“Now why is it you two are here?” he asked. “I was going to ride to the Public House to let them know about that thief.”
“Is he tied?” I asked, as I reached into my bag. “I know you're running low on shot, and I have some for you.”
The farmer nearly dropped his musket, then asked shakily, “do you have dark hair?”
“What of it that is left on his head,” said Lukas. “He had to clear out a witch-hole at the house proper yesterday, and lost much of his hair doing it.”
I thought to 'hang back' slightly, but without another word, the farmer led off toward his barn. As we walked, he spoke.
“First, he comes in here about half an hour before sundown,” said the farmer, “and he's got this stuff all covered in his buggy. He's asking for a place to sleep, and says he'll go just after it gets light enough to see good, so I says he can stay. He gives me two guilders, which makes me wonder some.”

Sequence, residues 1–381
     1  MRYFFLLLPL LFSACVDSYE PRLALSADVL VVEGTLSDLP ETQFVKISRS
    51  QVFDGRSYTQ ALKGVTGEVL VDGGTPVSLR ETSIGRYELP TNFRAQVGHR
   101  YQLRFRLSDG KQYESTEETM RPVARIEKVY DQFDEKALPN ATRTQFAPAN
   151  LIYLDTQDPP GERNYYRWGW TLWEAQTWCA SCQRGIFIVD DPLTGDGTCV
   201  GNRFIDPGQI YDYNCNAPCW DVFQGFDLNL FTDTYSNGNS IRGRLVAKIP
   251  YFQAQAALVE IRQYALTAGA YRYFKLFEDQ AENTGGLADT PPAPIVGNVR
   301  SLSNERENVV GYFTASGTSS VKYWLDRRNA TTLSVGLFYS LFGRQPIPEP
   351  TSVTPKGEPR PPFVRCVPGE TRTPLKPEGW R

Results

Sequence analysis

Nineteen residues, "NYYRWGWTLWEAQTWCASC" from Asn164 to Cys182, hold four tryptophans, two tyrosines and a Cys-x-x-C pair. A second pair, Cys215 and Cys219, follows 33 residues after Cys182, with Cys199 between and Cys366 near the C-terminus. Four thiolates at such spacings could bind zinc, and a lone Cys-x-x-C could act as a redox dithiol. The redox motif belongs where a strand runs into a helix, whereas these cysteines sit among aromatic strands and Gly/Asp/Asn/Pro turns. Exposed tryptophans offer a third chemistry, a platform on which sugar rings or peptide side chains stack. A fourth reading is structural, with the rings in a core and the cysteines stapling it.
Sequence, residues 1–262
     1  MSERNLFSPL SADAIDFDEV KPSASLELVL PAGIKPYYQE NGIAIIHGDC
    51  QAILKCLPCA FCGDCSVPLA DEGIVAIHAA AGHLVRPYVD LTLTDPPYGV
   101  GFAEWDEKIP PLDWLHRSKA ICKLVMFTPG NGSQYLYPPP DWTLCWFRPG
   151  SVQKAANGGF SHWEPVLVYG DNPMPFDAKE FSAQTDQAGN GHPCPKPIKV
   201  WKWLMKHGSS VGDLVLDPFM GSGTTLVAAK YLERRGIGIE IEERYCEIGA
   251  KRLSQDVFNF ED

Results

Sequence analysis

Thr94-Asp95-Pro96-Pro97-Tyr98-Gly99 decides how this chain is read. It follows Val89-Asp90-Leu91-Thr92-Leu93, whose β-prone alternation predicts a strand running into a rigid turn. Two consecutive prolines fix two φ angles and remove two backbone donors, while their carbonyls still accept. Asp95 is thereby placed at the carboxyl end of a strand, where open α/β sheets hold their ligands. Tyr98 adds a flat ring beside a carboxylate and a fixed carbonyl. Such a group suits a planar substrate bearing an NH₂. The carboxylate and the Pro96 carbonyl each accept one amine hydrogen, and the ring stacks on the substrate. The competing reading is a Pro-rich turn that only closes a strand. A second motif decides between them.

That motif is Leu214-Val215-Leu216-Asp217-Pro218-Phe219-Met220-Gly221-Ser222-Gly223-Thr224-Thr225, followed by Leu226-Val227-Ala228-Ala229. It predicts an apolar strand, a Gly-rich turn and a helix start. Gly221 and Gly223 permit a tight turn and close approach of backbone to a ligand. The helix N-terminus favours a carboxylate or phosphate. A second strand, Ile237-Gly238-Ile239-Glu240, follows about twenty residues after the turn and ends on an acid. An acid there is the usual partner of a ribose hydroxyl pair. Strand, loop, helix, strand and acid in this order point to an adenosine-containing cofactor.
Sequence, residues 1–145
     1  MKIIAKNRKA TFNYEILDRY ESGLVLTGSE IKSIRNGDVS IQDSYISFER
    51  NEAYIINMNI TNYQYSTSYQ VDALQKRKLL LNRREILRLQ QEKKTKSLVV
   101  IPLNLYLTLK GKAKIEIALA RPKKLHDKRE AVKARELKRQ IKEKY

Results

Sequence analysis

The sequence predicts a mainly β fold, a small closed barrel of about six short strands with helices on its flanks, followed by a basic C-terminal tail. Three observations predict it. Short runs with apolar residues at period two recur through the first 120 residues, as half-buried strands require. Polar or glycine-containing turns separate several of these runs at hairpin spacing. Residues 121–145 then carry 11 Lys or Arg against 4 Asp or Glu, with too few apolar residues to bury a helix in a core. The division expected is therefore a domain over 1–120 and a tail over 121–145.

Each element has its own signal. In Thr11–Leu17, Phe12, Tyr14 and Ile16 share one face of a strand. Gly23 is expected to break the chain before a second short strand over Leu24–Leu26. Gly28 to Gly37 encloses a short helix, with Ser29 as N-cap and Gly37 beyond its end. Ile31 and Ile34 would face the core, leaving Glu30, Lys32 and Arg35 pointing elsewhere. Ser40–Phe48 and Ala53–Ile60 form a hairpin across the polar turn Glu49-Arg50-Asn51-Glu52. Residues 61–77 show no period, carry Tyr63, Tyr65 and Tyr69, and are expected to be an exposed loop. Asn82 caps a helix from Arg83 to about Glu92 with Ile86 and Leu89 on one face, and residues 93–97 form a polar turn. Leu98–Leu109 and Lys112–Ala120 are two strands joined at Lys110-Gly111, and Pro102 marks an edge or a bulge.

“Is that the usual?” I asked.
“It might be if he was sleeping in the parlor,” said the farmer. “Most let tired travelers sleep in the barn during colder weather. I know I do, and I catch a fair number of 'em.”
“What are they like?” I asked.
“A lot of them around here are women, and I think they sew,” he said. “I know one of 'em does, and she has hair like yours.”
“I think I know that lady,” I said, “and she does sew well.”
“So then, he doesn't up and leave when he says, and I go out to see if anything is wrong,” said the farmer, “and sure enough, something is, as I can smell some bad wine.”
“Bad wine?” I asked. “I'm not that familiar with wine, which is... Ugh!”
“You too,” he said. “I've smelled enough of that stuff to know that isn't the common for wine.”
“Th-that stuff smells really bad,” I gasped. “I've smelled it once or twice before.”